Publicly, McPhee is standing solidly behind his 33-20-10, second-place-in-the-Southeast squad. (The team’s 20 regulation losses before March are 5 more than the team lost in regulation all of last season.) But what are the consequences of another super short stint in the postseason? Isn’t this franchise at a bit of a competitive crossroads?
And if so, is it overstatement to suggest that there are ominous signs abounding? What comfort do you take from the team’s longstanding mediocrity this regular season? After beginning the year 14-4-1, the Capitals since November 19 are at 19-16-9. If it weren’t for the strong start the team would be in a dogfight just to qualify for the postseason.
A year ago at this time McPhee was the toast of the league, engineer of what would go on to be the best-ever Capitals’ club in regular season achievements. But since that President’s trophy winning Capitals’ club was stunned by Montreal in last postseason’s opening round, McPhee’s star has dimmed: He allowed a key roster weakpoint — second-line center — to go unfilled in the offseason, and to be staffed by an audition of mostly unready rookies throughout the season. The absence of consistency and productivity at the position has weakened the Capitals’ attack generally and helped render impotent what was once the league’s best power play.
Most importantly, perhaps, his club appears to be one without an identity: they lunchpale it one night, winning with grit and guile and a commitment to accountability in their own end, then follow soon thereafter with lifelessness — they’ve been shut out an astounding nine times already this season.
A year ago the Caps were no. 1 in the NHL in scoring; this morning they’re outside the top 20 (22nd). A year ago they boasted the league’s best power play; this morning it’s 25th. The PK is better, but it had nowhere to go but up. Stats tell some of this team’s story, but they don’t tell what’s most troubling and vexing: why this team doesn’t show up at all some nights, as with last Friday’s 6-0 molestation by the Blueshirts at Verizon Center. A compelling case could be made for McPhee to tinker or more today solely to try and change the dynamic in the room, seeking to infuse it with some veterans boasting notable postseason pedigrees . . . seeking to infuse it with some hockey heart.
It’s difficult to fathom the Capitals as presently comprised making serious postseason noise without remedy for the center of the ice for the club. The team’s first-unit power play has become relatively easy to defend by virtue of the preponderance of right-shooting skaters on it — the unit has a ton of its shots blocked as opposing PKers sag and slide and congest predictable shooting lanes. Wouldn’t be a bad idea for the GM to try and acquire a depth defenseman capable of bringing it from the point with a left-handed shot.
And there is this to consider, too: Every team surrounding the Caps in the East’s top eight has made at least one notable move toward improvement in the leadup to the trade deadline.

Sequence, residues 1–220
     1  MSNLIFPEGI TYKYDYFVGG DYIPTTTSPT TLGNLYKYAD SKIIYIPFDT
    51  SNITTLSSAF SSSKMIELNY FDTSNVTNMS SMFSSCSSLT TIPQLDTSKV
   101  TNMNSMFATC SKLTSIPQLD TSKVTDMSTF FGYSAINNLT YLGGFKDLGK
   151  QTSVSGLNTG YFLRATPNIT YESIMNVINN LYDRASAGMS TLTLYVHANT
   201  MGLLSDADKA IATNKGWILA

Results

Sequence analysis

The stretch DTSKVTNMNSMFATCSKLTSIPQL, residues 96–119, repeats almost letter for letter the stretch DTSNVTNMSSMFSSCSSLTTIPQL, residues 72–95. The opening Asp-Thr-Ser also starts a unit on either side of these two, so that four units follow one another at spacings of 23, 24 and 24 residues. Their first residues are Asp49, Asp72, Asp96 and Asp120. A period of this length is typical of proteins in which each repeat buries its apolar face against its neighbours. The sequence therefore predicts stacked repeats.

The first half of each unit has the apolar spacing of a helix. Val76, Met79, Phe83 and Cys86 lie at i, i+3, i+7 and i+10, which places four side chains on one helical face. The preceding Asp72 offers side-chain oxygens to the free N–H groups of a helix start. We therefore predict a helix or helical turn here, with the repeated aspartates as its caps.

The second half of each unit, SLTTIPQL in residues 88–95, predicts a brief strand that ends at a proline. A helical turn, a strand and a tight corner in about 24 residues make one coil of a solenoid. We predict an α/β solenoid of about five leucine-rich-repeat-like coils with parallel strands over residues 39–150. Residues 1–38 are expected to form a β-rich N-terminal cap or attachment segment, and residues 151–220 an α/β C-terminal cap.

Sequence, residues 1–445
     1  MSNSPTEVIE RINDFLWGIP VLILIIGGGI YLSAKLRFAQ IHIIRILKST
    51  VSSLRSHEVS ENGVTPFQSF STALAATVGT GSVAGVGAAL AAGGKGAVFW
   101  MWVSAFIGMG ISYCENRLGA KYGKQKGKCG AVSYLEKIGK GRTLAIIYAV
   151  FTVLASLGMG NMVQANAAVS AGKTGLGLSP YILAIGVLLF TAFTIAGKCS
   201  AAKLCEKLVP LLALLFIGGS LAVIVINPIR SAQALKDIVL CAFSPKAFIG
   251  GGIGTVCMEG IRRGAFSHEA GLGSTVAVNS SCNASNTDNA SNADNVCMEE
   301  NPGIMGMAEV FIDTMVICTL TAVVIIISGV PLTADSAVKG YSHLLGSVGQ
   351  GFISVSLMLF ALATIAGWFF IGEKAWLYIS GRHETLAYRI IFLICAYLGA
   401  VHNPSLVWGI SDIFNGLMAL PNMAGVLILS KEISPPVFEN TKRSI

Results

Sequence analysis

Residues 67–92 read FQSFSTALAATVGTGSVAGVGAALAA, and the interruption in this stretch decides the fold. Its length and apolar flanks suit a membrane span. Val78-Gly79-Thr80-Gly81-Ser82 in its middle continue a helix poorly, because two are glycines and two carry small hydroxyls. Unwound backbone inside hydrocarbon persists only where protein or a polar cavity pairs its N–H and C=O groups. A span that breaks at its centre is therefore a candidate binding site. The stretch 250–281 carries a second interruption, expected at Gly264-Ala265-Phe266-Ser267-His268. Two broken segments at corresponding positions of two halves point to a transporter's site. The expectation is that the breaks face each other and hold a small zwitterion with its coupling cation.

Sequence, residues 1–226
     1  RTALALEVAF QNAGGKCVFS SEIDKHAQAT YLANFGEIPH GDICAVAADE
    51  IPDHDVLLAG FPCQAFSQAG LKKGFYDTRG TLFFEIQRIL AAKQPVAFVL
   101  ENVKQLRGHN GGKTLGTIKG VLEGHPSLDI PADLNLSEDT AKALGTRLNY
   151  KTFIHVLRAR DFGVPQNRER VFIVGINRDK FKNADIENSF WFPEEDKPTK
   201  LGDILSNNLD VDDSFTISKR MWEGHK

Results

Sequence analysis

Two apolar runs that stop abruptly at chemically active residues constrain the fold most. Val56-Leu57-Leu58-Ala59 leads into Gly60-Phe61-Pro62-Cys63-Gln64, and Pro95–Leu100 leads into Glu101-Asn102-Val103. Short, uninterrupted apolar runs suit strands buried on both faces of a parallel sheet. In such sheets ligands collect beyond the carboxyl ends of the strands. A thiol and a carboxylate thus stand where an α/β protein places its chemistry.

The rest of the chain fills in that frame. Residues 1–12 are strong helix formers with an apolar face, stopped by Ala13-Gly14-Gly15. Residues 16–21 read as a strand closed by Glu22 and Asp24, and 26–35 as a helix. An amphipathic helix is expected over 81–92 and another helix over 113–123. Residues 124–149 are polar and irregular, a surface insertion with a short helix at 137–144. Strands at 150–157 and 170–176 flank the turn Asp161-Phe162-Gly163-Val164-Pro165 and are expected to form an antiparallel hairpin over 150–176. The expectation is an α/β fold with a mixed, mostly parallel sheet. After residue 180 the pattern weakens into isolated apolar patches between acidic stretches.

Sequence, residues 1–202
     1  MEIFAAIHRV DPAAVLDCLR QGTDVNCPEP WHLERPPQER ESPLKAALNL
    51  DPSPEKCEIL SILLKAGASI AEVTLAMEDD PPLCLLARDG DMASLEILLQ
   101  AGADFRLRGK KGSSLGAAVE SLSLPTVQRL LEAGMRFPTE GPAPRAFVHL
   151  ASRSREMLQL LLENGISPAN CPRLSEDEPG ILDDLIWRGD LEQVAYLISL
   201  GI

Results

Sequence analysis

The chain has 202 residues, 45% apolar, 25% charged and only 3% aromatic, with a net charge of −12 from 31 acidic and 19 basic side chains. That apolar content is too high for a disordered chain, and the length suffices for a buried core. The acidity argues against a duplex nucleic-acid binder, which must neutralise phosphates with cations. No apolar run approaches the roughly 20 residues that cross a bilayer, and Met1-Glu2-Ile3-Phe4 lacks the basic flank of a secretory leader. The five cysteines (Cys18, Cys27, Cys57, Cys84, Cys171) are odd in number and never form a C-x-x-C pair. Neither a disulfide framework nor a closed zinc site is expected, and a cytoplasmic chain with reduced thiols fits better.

And there is, too, urgency for the GM from the vantage of the opportunity that is there for his team’s taking given the relative parity among the East’s top eight teams. There is no runaway-dynamo of a club in the East this season; Philly is strong but not without its own question marks. The East this spring is very much for the taking for the club of the GM who perhaps does the best work among his peers at re-shaping his roster by 3:00 today.
To try and make sense of Deadline Day madness, I’ll take part in a 2-hour long radio and podcast recap of the day, focusing on the Caps’ — and the league’s — alterations in total, with some of my best buds in pucks: studio host Sky Kerstein of 106.7 the Fan, Ted Starkey of the Washington Times, Brian McNally of the Examiner, and Ed Frankovic of Baltimore WNST. You’ll be able to listen live on 106.7 the Fan’s HD2 channel from 7:00 – 9:00 tonight, and the program will then be podcasted on 106.7′s site a bit later.We’ll delve into where we think this Caps’ team is post 3:00 today, if any moves put them over the top, keys to the Caps contending in the postseason, and how far we think they’ll go. We may even get a Caps’ player or two to join us in the fun.
First, though, here’s a look at what Washington hockeyblogdom is saying about the Caps on this huge day.
- Mike Vogel gets as inside the thinking of the Capitals’ GM as anyone in town. The Caps made a run at Mike Fisher, and all three young goalies are immune from any and all trade talks this year. McPhee is also highly unlikely to part with a no.1 pick in any dealings today.
- Rob Yunich over at Storming the Crease says it’s time for management to take a risk: “This team could be primed for something special — but most likely not as currently constructed. It’s time for GMGM to lay all of his cards out on the table — and show everybody that he’ll do something more than just tweaking the roster.”
- Rock the Red reminds us that McPhee “has a knack for making moves that nobody sees coming.” The good crew there also offers a helpful analysis of the budget limitations likely to restrain McPhee a bit today — unless he gets creative. That blog, though, doesn’t seem to see the urgency of McPhee’s needing to making an impact in the middle of the second line that I do. The Red Rockers remind that the last time the team needed an impact center — in 2008 — McPhee went out and landed one: Sergei Fedorov. The second line hasn’t been stable and consistently productive since Feds left.